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Monday, 15 October 2018

‘The Darkest Place’ by Jo Spain


Published by Quercus,
20 September 2018.
ISBN: 978-1-78648-397-3

Few crime novel addicts can resist the allure of a book set in a disused and desolate lunatic asylum…put the building on a remote island off the Irish coast, bring together a great cast of suspects and we have the perfect scenario for a cracking whodunnit and whydunnit. Enter DCI Tom Reynolds and the fourth novel in Jo Spain’s police procedural series, The Darkest Place.

The premise is set up quickly: as he celebrates Christmas with his family, Reynolds is called by his despised senior officer to look into a cold case – involving a doctor who went missing from St Christina’s, a psychiatric hospital on the island of Oilean na Caillte forty years earlier. His wife never gave up hope. And now a body has been found.

The Darkest Place is an intelligently crafted, beautifully plotted novel that also sheds a light on the barbaric treatment inmates at psychiatric institutions in Ireland suffered in the 1970s in the name of finding a ‘cure’ for their ills. Jo Spain has clearly done her research, but wears it lightly, and weaves it deftly into her tale. And the knowledge we are left with is that so many patients incarcerated in such institutions were not only those with mental health issues, but also society’s undesirables.

Tom Reynolds is a wonderful protagonist – a family man who loves spending time with his granddaughter. His junior officers are hard-working but have complicated lives. But one of the best things about Reynolds? He is not ‘damaged’ and has little baggage!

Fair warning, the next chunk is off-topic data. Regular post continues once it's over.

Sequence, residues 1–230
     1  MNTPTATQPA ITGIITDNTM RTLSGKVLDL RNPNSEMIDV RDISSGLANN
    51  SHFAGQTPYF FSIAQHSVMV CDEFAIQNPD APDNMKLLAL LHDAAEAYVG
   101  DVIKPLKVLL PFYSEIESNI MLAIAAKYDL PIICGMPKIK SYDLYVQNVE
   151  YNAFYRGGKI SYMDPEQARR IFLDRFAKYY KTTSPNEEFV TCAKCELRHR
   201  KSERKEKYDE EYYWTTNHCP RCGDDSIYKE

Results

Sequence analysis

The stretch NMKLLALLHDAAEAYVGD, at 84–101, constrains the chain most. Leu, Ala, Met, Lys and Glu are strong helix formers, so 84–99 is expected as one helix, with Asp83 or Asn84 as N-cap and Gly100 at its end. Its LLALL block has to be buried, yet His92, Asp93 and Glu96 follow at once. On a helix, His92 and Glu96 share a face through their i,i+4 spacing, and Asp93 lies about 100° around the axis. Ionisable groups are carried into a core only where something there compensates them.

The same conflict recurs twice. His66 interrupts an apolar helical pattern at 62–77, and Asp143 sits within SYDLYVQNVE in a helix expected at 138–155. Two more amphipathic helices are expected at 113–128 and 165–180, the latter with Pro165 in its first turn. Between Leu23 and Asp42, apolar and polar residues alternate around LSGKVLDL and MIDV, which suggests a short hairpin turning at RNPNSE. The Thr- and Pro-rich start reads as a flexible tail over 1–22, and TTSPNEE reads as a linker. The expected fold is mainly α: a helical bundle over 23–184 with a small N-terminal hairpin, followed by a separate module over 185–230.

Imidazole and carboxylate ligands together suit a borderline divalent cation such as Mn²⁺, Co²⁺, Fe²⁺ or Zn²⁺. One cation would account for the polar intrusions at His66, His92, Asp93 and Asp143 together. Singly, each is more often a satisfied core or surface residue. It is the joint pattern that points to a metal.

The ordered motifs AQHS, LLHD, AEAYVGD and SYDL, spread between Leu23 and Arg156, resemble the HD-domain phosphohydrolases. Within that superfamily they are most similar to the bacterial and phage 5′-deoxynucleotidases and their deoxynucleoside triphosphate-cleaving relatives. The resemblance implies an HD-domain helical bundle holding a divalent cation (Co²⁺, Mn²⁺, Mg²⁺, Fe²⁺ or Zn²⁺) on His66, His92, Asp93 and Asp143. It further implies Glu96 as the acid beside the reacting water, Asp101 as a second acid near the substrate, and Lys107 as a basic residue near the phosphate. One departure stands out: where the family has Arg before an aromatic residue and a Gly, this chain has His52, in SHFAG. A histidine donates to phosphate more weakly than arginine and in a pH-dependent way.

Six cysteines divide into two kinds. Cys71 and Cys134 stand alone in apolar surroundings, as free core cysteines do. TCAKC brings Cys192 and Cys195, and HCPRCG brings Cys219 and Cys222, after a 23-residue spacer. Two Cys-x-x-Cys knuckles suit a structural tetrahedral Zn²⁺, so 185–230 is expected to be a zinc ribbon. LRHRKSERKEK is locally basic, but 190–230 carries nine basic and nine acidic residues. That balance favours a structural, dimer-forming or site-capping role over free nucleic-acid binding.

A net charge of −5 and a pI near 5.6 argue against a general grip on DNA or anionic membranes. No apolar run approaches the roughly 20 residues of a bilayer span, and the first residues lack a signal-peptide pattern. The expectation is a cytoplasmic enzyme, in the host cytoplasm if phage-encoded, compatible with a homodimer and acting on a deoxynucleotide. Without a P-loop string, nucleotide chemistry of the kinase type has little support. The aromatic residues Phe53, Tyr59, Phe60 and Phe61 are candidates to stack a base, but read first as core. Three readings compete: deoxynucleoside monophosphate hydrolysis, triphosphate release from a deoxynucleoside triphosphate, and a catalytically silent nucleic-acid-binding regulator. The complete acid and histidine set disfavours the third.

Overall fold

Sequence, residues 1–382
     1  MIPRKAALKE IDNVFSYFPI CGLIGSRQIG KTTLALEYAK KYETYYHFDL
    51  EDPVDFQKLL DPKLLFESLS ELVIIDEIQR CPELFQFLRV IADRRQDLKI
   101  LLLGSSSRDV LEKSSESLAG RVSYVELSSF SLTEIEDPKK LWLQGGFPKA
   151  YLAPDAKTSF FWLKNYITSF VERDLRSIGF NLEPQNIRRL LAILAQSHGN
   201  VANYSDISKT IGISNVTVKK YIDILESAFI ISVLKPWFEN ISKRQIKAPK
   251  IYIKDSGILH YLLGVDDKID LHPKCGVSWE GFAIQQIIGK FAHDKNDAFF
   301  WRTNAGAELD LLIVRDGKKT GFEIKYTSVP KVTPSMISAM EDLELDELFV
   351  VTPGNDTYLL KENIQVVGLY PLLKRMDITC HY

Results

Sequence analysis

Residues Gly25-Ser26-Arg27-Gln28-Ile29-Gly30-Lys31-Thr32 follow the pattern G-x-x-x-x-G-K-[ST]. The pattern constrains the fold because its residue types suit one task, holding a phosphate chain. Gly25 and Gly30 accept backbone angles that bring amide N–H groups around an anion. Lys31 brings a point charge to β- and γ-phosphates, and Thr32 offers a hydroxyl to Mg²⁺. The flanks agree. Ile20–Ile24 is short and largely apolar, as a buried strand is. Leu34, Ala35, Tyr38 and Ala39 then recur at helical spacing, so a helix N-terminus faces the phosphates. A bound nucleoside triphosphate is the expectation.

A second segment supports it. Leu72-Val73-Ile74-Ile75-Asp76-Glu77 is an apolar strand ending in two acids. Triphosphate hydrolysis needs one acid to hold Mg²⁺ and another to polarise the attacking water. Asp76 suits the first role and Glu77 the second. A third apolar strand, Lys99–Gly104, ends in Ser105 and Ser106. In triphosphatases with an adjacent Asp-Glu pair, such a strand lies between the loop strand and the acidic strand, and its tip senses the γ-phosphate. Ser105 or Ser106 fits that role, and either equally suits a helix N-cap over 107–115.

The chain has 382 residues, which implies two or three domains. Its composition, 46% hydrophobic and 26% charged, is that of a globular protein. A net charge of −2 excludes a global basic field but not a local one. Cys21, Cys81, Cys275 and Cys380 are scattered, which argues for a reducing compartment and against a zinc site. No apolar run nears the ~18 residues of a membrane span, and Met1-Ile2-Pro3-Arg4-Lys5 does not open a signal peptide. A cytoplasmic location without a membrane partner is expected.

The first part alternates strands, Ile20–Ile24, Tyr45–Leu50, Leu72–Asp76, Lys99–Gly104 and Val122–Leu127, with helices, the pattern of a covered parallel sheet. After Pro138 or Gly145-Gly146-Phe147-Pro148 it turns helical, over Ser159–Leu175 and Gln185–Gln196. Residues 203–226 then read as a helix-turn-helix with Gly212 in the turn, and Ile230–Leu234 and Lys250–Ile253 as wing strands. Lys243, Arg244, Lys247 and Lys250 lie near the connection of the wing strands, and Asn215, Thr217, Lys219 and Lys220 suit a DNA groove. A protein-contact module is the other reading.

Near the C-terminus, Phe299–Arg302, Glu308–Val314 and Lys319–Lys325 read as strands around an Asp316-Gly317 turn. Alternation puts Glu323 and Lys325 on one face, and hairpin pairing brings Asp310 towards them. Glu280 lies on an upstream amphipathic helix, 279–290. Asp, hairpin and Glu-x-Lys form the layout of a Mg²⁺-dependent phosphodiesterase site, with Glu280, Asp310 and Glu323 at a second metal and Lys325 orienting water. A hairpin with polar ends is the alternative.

The setting of The Darkest Place is dark and atmospheric, full of fog and wind and bumps in the night and screams in the dark. All the islanders have secrets, everyone is a suspect. And there is a very clever twist at the end.

As I mentioned, this is the fourth book in a series, but I easily read it as a standalone, though there are obviously events in past books that have shaped the characters. But that is easily remedied, as I will go back and read the first three novels.
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Reviewer: Mary-Jane Riley

Jo Spain's first novel, top ten bestseller With our Blessing, was one of seven finalists in the Richard and Judy Search for a Bestseller Competition. It was named as an Irish Times crime fiction book of the year by Declan Burke. Beneath the Surface (2016) and Sleeping Beauties (2017), the second and third in the DI Tom Reynolds series followed, to further critical acclaim. Her standalone thriller, The Confession, released in January 2018, became a number one bestseller and sold in multiple territories. Aa new standalone Dirty Little Secrets will be published in 2019. Jo also writes for TV and is the co-writer of new series Taken Down. A graduate of Trinity College Dublin, Jo lives in Dublin with her husband and their four young children. Jo previously worked as a policy advisor in the Irish parliament and as vice-chair of the business body InterTrade Ireland.

Mary-Jane Riley wrote her first story on her newly acquired blue Petite typewriter, when she was eight. When she grew up she had to earn a living and became a BBC radio talk show presenter and journalist. She has covered many life-affirming stories, but also some of the darkest events of the past two decades. Then, in true journalistic style, she decided not to let the facts get in the way of a good story and got creative. She wrote for women's magazines and small presses. She formed WriteOutLoud with two writer friends to help charities get their message across using their life stories. Now she is writing crime thrillers drawing on her experiences in journalism. Her third book, set in East Anglia and featuring investigative journalist Alex.  Dark Waters, was published by Harper Collins/Killer Reads in March 2018.

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